Kevelaer“The traveler sees what he sees. The tourist sees what he has come to see.”
July 4th 2014, Day 2
As I made my way along the Niers I saw a huge cathedral appearing on the horizon. I was immediately drawn in thoughts about the middle ages where a cathedral like this would really be an import mark to navigate to. For me, now, the cathedral meant food, drinks, people, a bed and internet. I wondered how people 1000 years ago would have felt walking towards a church like this, a real pilgrimage site. They would have had a religious purpose to walk the road I walked now, with my thought on food and drinks. How mundane! But at the same time, seeing my goal, being pulled in thoughts about long gone times, it made me feel like a pilgrim even though my goal is not a religious one.
When walking into town, I saw my imagination went ahead of me. Kevelaer was celebrating the 150th anniversary of their basilica today. So people who would have walked here 1000 years ago would not have seen this tower and would not have felt like I did. The history of the place goes back to only 1641, so me thinking about 1000 years ago was a bit exaggerated. But what pilgrims over the last four centuries would have done, I did as well. I went to the small chapel of Grace that made the place famous and set down near the miraculous image. It was weird to see that the most important place of the town was so small and accessible. Apparently there is no fear of destruction or theft whatsoever. The small copperplate with the image of Mother Mary was in a small chapel on the center of the square. It is so richly decorated with gold and jewelry that it was hard to see what the actual object of devotion was. It was set in a six-angled small chapel surrounded by electric candles and flowers. Behind me the huge Marienbasilika rose majestically into the air while on my left hundreds of candles colored the walls of the ‘Chapel of the Candles’ black. We spoke a lot about this place while still in university. How once a year thousands of motorcyclists would come to this place to pray for all those who were killed in accidents. The thought of having thousands of bikers with leather jackets, beards and ponytails crowding a religious shrine made my imagination ran off with me. I decided I had to check the place out one day or another, but it never came to mind that I might actually walk to it.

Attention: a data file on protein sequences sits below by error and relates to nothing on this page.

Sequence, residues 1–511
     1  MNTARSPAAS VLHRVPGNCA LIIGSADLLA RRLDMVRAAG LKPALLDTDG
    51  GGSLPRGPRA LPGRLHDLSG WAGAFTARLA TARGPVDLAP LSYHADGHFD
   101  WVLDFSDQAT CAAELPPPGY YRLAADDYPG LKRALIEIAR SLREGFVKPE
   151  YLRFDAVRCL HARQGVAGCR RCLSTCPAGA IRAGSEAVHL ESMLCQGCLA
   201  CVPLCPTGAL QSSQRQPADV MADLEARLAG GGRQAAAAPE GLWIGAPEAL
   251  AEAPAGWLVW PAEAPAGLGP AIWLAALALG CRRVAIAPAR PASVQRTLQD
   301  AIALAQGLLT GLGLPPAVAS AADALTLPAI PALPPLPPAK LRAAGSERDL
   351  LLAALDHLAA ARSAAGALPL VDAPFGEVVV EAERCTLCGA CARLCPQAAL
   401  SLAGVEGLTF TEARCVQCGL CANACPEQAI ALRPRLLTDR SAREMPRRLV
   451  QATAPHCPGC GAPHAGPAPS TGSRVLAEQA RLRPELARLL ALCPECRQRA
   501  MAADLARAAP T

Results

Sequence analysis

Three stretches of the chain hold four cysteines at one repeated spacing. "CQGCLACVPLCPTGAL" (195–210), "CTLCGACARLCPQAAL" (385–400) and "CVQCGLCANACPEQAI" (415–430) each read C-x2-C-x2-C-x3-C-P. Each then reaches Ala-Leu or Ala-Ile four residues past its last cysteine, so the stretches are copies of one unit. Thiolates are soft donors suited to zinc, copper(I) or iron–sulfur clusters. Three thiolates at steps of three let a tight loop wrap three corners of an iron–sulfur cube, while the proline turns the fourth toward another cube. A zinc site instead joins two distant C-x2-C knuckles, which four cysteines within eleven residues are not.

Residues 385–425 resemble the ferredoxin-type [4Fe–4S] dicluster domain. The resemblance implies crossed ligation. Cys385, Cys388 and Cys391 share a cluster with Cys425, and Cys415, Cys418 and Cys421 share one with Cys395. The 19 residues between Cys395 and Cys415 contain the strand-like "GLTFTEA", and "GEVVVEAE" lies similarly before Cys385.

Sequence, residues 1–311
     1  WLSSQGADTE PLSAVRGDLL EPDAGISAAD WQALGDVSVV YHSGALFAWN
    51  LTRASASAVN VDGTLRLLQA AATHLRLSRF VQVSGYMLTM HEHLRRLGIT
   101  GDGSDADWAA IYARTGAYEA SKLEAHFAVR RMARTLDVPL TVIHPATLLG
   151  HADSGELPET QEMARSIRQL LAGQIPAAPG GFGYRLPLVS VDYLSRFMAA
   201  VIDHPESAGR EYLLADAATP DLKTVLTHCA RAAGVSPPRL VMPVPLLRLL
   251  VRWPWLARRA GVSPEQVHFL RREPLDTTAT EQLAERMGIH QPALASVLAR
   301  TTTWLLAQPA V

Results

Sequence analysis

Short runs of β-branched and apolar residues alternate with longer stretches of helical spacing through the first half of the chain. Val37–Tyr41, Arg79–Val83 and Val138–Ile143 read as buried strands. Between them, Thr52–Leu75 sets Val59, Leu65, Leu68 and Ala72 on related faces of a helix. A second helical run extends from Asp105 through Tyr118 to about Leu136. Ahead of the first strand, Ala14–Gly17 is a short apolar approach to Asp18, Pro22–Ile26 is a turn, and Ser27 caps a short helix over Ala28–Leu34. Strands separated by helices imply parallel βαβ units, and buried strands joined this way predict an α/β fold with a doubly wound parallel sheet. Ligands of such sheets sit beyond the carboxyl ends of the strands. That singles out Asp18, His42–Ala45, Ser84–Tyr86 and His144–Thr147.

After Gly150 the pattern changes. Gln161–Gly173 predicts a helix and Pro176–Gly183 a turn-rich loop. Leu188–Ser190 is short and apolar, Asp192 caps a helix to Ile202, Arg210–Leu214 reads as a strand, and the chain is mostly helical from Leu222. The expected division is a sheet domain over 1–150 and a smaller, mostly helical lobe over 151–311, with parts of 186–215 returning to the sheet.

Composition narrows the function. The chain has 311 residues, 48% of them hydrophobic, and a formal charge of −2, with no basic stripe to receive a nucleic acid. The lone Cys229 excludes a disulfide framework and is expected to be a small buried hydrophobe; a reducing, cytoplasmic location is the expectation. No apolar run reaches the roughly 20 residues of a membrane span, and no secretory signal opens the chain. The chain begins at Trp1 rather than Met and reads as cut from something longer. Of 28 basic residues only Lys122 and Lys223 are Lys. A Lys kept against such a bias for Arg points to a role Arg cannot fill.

History has it that around Christmas 1641 a peddler named Hendrick Busman heart a mysterious call on his way from Weeze to Geldern; ‘’Build me a chapel on this spot.’’ He heard this call two more times in the next days and soon started to build. It would only be a month before Pentecost the next year that his wife would have a revelation about what to put in the chapel; a small copperplate of Our Beloved Lady of Luxemburg as she was revered during the pest outbreak of 1623. On June 1st 1642 the chapel was finished and the coming of pilgrims started to take serious shape immediately. As early as 1643 it was necessary to build a bigger chapel close to it, the Chapel of the Candles.
Upon walking into the chapel, I saw the long history of pilgrimage to this place in all the family coats around the walls. For almost 400 years, groups from all over the world have been bringing candles and shields to this place, its crammed to the roof. Although I came alone and did not set Kevelaer as my final destination, I felt part of this long tradition.